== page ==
4th of July, 1934
by Henry Swain
The month of July 1934 proved to be the beginning of one of the driest summers on record in Indiana. It was during the middle of the Great Depression and the haze and humidity hung over our farming community like a dirty sheet that needed laundering.
The Fourth of July was near at hand and the celebration of it always brought a show of patriotism and community spirit in our small town. The Fourth dawned much like the many days before it, cloudless, more heat, and no prospect of rain.
Weather forecasting in those days amounted to reading the Farmer’s Almanac printed for the whole year by a bunch of guessers. Farmers learned to predict the weather fairly accurately by observing the weather over time. The actions of farm animals and birds gave them subtle warnings.
The afternoon band concert at the park went on as scheduled. The park swimming pool was filled with delighted youngsters while most of the parents watched from bleachers built just for that purpose. Not all could afford the 25 cent admission, but they were privileged to watch. Many of the parents did not swim or could not afford the admission or the price of a bathing suit.
It may seem odd now, but in those times the simple act of watching others was a pleasurable inexpensive pastime. The wife of our local blacksmith would have her husband drive their car mid-afternoon to the shopping block of the village and park it next to the theater so that she could sit in it and visit with the Saturday night shoppers.
In farming communities Saturday was the big shopping day. It was also bath day, the end-of-the-week day when farmers shed their work clothes for something clean and fresh. It was also legend that more children were conceived on Saturday than any other day of the week.
A friend of my parents had a one room summer cabin on a few acres of woods near our place. He lived in town but had the cabin built for summer recreation. It was about 20 feet square with open screening all around and side panels that could be lifted and propped open to provide air and shelter from rain. He had named the cabin The Shack.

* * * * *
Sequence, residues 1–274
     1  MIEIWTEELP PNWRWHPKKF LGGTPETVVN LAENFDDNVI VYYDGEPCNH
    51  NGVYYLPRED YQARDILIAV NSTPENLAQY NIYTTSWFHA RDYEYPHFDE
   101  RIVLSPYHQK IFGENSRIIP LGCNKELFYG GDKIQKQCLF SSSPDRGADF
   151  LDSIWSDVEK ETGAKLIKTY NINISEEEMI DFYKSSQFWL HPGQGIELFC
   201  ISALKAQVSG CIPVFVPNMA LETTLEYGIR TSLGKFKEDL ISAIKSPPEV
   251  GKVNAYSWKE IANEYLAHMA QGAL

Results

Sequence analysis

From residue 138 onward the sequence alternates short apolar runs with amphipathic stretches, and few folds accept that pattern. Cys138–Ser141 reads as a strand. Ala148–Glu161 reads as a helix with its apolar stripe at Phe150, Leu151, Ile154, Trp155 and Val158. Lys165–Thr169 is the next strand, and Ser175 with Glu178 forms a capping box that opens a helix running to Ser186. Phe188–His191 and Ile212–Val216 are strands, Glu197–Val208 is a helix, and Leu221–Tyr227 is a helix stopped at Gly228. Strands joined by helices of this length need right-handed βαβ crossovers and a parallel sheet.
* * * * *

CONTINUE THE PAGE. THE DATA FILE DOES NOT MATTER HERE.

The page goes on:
It was his custom to invite friends and neighbors to come to the woods for a picnic style meal and to watch the fireworks from a bluff overlooking a creek that bordered the edge of the woods. Twenty five or thirty friends gathered for a hot dog cook-out, some eating in the cabin and some outside where tables had been set up.
About dark we all went to the bluff to watch the fireworks. There was intermittent lightning in distant clouds to the east. “Heat lightning” the farmers called it, not likely to produce rain.
The children took off with sparklers running down the hill toward the creek. They were called back after a time to watch the Roman Candles shoot out from the bluff over the creek. The last displays were sky rockets which split apart into clusters at their zenith with a loud explosion. They would seem to be puny by today’s displays, but they were very exciting at the time.
As the display progressed, so did the lightning and it became a little confusing to separate the fireworks from the natural fireworks. We soon realized that some of the explosions were thunder. The wind picked up and it was decided to retreat back into the woods and the shelter of The Shack.
Rain began falling as the last older adults made to the door. The wind became quite violent and we could hear limbs snapping from the wind. A gust lifted two of the propped up panels and they banged shut against the building. I was very scared by the noise and some of the adults were showing concern.
Eventually the storm subsided and afterward the men took flashlights out to look at the storm damage and check their cars. It was only the next day that we realized how lucky we had been for there were several trees down in the woods. A nearby farmer’s barn was stripped of its shingles. My father said that it must have been the weight of all the people in The Shack that kept it from being blown from its piers. That was my most memorable Fourth of July and the scariest. Even now I am apprehensive when storms come at night and I can’t see what violence may be heading toward me and to prepare for it.
What was your most memorable Fourth of July?